Frederick Nicholls Crouch
|Birthplace:||Marylebone, London, Middlesex, England|
|Death:||Died in Baltimore, Baltimore, Maryland, USA|
|Place of Burial:||Baltimore, Baltimore, Maryland, USA|
|Managed by:||Eldon Clark (C)|
Historical records matching Frederick Nicholls Crouch
About Frederick Nicholls Crouch
I have been unable to find any data about his spouses or children other than Emma Elizabeth Crouch (1835–1886), the second daughter of his first marriage
Birth: Jul. 31, 1808, England Death: Aug. 18, 1896 Baltimore Baltimore City Maryland, USA
Acclaimed composer of over 2000 ballads and two operas. Born in England in 1808, he emigrated to America in 1849 where he found employment at Richmond, Virginia's St. Paul's Episcopal Church. At the start of the Civil War, he joined the Confederacy and he was in the Confederate Army throughout the entire war, serving with distinction. It was during this time of war that Crouch composed his most famous and haunting song, "Kathleen Mavourneen" which quickly became a favorite of the Confederates and was sung around the soldiers' campfires almost nightly. The song was featured in the 1994 film "Gettysburg" and it was sung in the Confederate camp the night before Pickett's Charge. It is still heard frequently to this day. Following the war, Crouch went on composing and he also taught music and singing. There has been controversy about the authorship of the song "Oh how I hate to get up in the morning", some saying that Irving Berlin composed it and others equally adamant that Crouch had the honors. Recent research has shown, however, that Crouch was the actual composer, writing the song to cheer up his fellow Confederate soldiers. Frederick Nicholls Crouch was buried with honors on Confederate Hill in Baltimore's Loudon Park Cemetery. (bio by: Kathleen)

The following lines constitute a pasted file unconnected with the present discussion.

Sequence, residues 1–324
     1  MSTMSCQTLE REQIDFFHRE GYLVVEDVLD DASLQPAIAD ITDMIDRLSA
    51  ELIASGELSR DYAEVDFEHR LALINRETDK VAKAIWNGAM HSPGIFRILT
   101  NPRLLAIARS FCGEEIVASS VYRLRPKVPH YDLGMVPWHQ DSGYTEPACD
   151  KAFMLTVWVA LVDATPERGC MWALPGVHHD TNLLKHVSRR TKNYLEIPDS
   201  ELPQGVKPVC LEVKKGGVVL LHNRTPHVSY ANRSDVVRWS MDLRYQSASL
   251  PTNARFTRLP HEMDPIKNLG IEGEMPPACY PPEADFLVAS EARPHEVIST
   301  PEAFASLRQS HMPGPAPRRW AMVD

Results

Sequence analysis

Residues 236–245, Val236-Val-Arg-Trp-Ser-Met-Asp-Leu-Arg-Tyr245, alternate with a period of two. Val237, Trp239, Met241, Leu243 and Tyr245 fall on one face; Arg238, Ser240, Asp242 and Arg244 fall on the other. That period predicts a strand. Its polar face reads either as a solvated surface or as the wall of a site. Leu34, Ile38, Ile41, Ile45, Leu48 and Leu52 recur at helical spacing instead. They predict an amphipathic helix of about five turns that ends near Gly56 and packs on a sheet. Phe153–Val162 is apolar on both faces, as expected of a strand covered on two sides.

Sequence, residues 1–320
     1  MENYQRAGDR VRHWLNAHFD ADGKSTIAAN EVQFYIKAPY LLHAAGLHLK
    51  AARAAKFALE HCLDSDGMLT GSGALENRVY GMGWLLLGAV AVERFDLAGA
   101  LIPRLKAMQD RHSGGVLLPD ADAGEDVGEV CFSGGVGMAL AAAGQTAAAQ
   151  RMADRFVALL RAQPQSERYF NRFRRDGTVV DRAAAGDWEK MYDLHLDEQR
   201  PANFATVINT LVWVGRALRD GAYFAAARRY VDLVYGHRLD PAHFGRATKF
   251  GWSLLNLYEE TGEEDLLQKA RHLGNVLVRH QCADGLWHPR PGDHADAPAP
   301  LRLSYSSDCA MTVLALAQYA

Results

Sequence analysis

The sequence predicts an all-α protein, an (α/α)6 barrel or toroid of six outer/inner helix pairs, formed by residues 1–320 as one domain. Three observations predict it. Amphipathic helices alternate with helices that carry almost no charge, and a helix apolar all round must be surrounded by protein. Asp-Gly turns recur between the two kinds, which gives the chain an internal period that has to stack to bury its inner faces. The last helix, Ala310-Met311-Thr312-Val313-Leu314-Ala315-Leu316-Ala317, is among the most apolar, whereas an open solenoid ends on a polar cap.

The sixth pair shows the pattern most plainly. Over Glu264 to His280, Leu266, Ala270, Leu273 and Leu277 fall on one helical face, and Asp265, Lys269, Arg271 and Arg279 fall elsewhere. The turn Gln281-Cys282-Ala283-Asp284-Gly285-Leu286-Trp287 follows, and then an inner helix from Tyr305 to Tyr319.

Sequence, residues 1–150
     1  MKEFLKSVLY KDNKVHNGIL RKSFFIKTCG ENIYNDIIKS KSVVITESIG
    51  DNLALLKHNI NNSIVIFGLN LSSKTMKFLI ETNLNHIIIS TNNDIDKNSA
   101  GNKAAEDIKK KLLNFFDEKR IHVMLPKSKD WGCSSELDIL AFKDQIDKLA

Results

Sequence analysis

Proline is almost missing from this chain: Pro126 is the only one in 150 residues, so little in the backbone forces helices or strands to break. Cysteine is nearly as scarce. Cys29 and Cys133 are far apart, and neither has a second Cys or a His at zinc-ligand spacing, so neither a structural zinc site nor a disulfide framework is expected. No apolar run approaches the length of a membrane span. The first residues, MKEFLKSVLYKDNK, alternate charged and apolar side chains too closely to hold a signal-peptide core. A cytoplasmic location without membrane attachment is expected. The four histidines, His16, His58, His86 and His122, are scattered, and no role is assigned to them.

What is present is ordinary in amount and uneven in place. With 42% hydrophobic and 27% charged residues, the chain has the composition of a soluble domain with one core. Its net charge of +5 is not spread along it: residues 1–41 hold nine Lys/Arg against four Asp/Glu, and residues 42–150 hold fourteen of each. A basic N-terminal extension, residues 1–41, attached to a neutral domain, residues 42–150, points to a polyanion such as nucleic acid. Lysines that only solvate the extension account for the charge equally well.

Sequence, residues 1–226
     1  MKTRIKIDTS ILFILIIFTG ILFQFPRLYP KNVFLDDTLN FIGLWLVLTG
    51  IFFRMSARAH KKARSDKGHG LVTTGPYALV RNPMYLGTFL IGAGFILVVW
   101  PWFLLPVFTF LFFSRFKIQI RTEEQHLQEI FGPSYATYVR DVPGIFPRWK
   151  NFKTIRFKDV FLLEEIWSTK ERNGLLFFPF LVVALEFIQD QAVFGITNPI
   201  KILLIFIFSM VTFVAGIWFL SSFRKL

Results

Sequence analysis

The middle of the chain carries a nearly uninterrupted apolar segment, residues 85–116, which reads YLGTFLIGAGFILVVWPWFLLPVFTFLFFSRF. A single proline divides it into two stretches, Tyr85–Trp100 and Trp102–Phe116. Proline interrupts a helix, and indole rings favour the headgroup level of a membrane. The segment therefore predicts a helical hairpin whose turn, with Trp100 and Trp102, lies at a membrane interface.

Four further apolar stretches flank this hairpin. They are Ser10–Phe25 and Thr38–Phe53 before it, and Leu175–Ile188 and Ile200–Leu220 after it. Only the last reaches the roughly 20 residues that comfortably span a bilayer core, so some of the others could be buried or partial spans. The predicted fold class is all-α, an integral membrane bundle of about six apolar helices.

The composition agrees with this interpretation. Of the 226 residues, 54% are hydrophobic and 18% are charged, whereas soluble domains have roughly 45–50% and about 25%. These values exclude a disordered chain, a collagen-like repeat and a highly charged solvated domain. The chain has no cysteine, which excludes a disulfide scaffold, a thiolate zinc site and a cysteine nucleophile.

Burial: Loudon Park Cemetery Baltimore Baltimore City Maryland, USA
From Wikipedia, the free encyclopedia
Frederick Nicholls Crouch (July 30, 1808 – August 18, 1896) was an English composer and cellist.
Crouch was born in Marylebone in London. He emigrated to the United States in 1849 and settled in Richmond, Virginia. During the Civil War, Crouch took up arms and played the trumpet for the Confederacy.
Crouch was noted as a fine cellist, having played in the King's Theatre as well as St Paul's Cathedral in London, before coming to the United States, but the majority of his compositions were not successful. His most famous song is "Kathleen Mavourneen".
During his years in the United States, Crouch composed two operas and unsuccessfully tried various musical undertakings (i.e., conducting, singing and teaching). Well traveled after the Civil War, Crouch eventually settled in Baltimore, Maryland.
Emma Elizabeth Crouch (1835–1886), the second daughter of his first marriage, became known in Second Empire France as the courtesan Cora Pearl. http://en.wikipedia.org/wiki/Cora_Pearl